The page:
It is crucial to have your documents available when you need them. Usually the need comes when you least expect it, and at the time of an acquisition or a financing round missing documentation can cause extra work, time and costs, unnecessary risks and other inconveniences.

Make sure that you conclude written agreements whenever possible and keep them properly recorded and safe. The same applies to statutory corporate documents. Also mind that your intellectual property rights are all properly protected, registered and duly transferred to the company, and that you have their documentation up to date.

The key is to keep legal risks low in the company all the time. In theory, the company should always withstand a check by a professional third party. In any case, there will be a due diligence (DD) phase in the event of selling your company or acquiring equity sponsors. Due diligence is an inspection of business made by a potential acquirer/equity sponsor. If the above-mentioned issues are maintained well, the company should be ready for a DD anytime.

2. Mind the confidential information of your company

During the DD phase, you need to be ready to answer a broad range of questions concerning your company. Still, be careful about how much and what kind of confidential information you want to introduce to potential acquirers at different stages of the DD phase.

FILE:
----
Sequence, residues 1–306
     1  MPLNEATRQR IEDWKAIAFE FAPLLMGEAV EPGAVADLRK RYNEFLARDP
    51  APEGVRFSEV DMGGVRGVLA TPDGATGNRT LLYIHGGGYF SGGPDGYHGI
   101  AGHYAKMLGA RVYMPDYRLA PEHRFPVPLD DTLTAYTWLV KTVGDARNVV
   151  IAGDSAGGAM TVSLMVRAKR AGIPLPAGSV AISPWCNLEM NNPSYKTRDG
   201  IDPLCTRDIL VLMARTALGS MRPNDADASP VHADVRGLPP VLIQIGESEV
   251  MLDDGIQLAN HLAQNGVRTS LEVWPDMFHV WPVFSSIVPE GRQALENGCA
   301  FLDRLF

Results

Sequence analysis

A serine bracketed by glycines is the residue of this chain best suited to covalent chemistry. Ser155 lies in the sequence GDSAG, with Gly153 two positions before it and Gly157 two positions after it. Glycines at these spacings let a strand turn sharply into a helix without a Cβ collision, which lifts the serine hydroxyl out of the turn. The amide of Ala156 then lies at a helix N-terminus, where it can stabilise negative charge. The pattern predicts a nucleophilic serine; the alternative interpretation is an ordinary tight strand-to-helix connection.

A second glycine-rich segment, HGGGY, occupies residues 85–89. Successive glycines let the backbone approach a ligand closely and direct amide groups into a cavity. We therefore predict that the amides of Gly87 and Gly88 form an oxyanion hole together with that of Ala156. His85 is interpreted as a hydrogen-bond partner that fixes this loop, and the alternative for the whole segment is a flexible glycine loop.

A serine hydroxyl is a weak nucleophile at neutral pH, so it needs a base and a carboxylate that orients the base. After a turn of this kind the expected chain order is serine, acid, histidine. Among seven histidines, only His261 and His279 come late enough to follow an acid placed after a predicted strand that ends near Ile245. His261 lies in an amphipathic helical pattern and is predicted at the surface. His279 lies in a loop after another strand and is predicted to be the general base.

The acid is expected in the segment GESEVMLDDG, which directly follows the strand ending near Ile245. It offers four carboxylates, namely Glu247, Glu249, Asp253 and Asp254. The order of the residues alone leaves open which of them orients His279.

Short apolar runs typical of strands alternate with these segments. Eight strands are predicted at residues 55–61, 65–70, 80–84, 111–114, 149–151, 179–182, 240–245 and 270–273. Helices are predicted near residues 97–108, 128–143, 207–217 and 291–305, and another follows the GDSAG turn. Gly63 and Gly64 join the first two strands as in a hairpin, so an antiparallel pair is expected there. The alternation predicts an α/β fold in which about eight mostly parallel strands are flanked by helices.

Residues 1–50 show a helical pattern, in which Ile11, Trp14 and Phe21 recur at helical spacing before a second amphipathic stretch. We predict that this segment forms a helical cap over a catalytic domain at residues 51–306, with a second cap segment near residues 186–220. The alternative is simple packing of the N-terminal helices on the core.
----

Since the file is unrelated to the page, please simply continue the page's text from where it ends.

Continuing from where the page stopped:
A non-disclosure agreement (NDA) is essential before giving any confidential information to a potential acquirer. Bear in mind that you may be giving this information to your competitor and that they are not yet legally bound to buy your business at that stage. In particular, information relating to the most essential functions of business should typically not be given until the very end of the DD phase and not without sufficient deal security. However, the scope of an NDA depends on the nature of your company, and practicality should be kept in mind when protecting confidential information.

3. Use letters of intent to maximise strategic advantage